Universal provide the means to an end to recreate Paris with a lavish eye, including the quick glimpses we get of the fetid underground sewers and Court of Miracles. This is described as a place where the blind see and the lame walk, rather like a medieval Atos assessment centre.

He Who Gets Slapped (1924)

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Director: Victor Seastrom/Sjostrom. MGM.

DRAMA


Producer: Victor Seastrom. Writer: Carey Wilson, Victor Seastrom. Camera: Milton Moore. Sets: Cedric Gibbons.

Lon Chaney, Norma Shearer, John Gilbert, Ruth King, Marc McDermott, Ford sterling, Tully Marshall.

SYNOPSIS

Nice scientist Paul (Chaney) makes a remarkable breakthrough and entrusts the publication of his findings to his friend and patron, the Baron (McDermott). Unbeknownst to him, the Baron is having an affair with Paul’s wife (King) and steals his research, claiming it as his own in front of an august scientific institution. Paul immediately suffers a catastrophic breakdown that sees him fall into uncontrollable hysterics when faced with this double deceit. He leaves to join a circus as a clown who, fetishistically, likes being humiliated and slapped, recreating the moment the Baron did this to him. When beautiful horse-rider Consuela (Shearer) joins his troupe, Paul falls in love, but finds competition for her hand in the form of her riding act partner (Gilbert).

REVIEW

Historically significant as the first film to be produced and released by the newly formed trio of film studio Metro and independent producers (Samuel) Goldwyn and (Louis B.) Mayer. Given the plot, this was a surprisingly depressing start for a studio that would become synonymous with beauty, glamour and happy endings.

But then choosing the esteemed Seastrom, who specialised in moody, epic pastoral dramas in his native Sweden to huge acclaim, was never going to result in the rosiest of products. The director formerly known as Sjostrom in his homeland, was new himself, having arrived to direct American films for Metro only the previous year.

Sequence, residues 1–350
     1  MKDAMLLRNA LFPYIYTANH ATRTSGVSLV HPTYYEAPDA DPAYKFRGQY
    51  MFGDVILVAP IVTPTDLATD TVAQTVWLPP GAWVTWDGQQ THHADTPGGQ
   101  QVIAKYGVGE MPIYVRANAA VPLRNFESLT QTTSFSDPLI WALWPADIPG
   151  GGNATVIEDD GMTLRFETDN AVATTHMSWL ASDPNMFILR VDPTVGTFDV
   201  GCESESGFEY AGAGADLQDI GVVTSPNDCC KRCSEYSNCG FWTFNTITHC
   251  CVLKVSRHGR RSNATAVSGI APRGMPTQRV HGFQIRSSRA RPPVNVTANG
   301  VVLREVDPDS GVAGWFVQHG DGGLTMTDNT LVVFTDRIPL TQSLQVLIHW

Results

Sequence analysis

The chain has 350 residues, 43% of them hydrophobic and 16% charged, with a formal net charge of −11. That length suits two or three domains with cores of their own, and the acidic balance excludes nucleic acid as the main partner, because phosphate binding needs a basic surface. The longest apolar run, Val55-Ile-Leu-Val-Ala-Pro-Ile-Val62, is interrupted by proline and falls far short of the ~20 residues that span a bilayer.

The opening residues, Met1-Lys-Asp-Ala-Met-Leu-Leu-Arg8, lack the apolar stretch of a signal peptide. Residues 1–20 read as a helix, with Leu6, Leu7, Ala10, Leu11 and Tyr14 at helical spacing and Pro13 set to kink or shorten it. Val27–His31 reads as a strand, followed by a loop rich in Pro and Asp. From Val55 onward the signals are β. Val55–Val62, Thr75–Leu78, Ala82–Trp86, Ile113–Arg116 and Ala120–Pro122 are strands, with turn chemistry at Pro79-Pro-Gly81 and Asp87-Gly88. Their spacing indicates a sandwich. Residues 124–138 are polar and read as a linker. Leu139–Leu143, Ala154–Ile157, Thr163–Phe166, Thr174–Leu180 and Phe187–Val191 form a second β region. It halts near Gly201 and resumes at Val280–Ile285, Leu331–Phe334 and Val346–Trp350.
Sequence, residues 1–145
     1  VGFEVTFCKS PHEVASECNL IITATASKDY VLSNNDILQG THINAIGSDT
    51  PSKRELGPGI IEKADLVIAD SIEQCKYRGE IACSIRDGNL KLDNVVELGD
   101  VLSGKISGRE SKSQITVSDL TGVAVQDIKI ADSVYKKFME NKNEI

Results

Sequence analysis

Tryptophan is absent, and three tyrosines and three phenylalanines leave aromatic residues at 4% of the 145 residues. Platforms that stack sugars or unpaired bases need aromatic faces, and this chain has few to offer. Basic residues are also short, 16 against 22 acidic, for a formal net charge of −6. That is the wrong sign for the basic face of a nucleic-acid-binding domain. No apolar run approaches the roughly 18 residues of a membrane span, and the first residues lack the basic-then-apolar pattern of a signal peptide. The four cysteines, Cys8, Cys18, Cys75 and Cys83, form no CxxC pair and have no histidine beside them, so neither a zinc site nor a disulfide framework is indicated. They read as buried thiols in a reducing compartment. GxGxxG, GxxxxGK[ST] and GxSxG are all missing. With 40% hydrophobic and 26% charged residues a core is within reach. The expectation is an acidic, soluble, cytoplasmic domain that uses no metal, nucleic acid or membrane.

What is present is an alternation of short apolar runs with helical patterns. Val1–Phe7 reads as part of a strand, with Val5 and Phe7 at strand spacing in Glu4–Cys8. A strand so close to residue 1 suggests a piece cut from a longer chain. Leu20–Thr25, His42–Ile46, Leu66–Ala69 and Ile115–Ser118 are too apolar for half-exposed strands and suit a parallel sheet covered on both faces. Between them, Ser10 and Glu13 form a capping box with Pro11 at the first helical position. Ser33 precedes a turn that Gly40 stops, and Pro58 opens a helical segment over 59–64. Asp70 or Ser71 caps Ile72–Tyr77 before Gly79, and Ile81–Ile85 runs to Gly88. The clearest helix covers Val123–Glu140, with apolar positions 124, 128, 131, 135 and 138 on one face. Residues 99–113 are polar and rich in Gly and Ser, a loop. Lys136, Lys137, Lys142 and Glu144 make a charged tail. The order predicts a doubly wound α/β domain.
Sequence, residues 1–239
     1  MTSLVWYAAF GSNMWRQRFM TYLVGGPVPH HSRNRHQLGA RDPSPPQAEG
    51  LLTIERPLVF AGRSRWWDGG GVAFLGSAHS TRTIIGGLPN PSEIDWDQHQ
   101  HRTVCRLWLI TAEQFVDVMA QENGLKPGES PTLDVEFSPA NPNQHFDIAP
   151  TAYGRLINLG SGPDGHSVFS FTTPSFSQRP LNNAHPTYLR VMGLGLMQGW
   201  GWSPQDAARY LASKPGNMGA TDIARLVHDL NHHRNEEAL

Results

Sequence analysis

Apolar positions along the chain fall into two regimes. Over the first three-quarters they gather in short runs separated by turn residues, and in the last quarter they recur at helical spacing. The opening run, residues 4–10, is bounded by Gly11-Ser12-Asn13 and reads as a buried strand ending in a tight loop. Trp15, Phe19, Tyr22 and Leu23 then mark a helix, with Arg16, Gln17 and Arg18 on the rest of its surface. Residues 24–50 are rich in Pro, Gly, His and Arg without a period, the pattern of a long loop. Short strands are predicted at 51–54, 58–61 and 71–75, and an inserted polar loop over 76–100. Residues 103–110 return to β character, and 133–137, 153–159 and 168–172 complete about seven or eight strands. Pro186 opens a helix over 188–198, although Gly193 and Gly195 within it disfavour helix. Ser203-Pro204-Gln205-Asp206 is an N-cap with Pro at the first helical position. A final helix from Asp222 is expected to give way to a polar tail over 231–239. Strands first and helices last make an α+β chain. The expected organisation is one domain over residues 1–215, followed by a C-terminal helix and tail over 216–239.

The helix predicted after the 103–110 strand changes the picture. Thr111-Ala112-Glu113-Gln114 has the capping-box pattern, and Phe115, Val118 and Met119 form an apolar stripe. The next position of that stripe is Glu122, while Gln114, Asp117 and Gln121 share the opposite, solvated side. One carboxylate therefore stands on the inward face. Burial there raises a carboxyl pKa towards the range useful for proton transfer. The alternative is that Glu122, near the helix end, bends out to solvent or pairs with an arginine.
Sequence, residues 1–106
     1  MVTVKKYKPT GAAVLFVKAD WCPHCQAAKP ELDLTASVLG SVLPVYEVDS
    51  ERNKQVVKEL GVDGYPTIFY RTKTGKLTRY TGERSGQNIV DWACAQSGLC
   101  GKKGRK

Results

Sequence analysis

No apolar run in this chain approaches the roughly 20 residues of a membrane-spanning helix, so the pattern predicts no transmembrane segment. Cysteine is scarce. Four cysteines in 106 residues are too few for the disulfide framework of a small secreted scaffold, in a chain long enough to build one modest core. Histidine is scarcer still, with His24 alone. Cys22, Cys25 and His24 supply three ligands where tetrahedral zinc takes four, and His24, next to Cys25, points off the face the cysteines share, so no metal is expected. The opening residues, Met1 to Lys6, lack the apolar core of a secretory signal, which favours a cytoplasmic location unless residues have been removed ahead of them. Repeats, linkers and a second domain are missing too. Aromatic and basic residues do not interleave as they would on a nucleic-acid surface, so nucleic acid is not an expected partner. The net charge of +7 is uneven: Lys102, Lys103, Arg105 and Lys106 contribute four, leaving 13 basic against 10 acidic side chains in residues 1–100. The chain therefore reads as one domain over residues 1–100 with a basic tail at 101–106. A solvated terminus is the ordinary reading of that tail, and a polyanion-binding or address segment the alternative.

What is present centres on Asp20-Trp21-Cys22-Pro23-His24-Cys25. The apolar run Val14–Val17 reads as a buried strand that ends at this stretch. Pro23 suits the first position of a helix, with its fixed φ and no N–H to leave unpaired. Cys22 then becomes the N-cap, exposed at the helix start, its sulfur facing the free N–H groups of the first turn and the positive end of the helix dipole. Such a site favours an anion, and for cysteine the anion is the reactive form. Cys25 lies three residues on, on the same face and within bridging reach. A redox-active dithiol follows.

This is a veritable one-man band for him as co-writer, co-producer and director. Riding high following years of commercial and critical success in Europe, he was viewed favourably by Hollywood top brass (the normally tyrannical Louis B. Mayer was said to view him as God), Seastrom was allowed unprecedented artistic freedom in his films.

This film is no exception and allows him the chance to continue exploring the themes of cruelty and fate that he had established in Europe and would elaborate on throughout his sojourn in America (The Scarlet Letter, The Wind). Despite the hoary, theatrical set-up and giddy, fun of the fair atmosphere, this film is as grim a morality tale as anything he told in Sweden or would tell in years to come.

It also lets him show off his unique and arresting visual style – the recurring motif of the clowns dancing around a globe, symbolic of the fools we all are on this earth. This is a world that is also perpetually spinning out of control only to be thrown to the ground, just as Paul’s wife is revealed as an adulterer.

The arrangement of the members of the scientific institution is also genius – seated in serried rows of cold judgement like Paul’s judge, jury and executioner.

The cast list features three actors who would become some of the brightest stars of the silent era, Chaney in particular is heart-wrenchingly good. He was a silent actor of enormous skill, having honed his craft as a mime artist after acting out the day’s activities for his deaf parents as a child. Here, he deftly arouses audience sympathy, although given the brutality he faces during his “act”, it’s understandable why he is so morose.

Gilbert had been acting in films for many years but here hit the big time and would soon mature into the premier leading man of the twenties. His bouncy joie de vivre is readily apparent.

Although pretty Shearer is underused and under-focused she would go onto bigger and better things very soon.

Support actor Marshall, who specialised in playing small time villainy and perversity, is delectably vile as her down-at-heel, minor aristocrat father who sees opportunity around a corner before he even steps outside.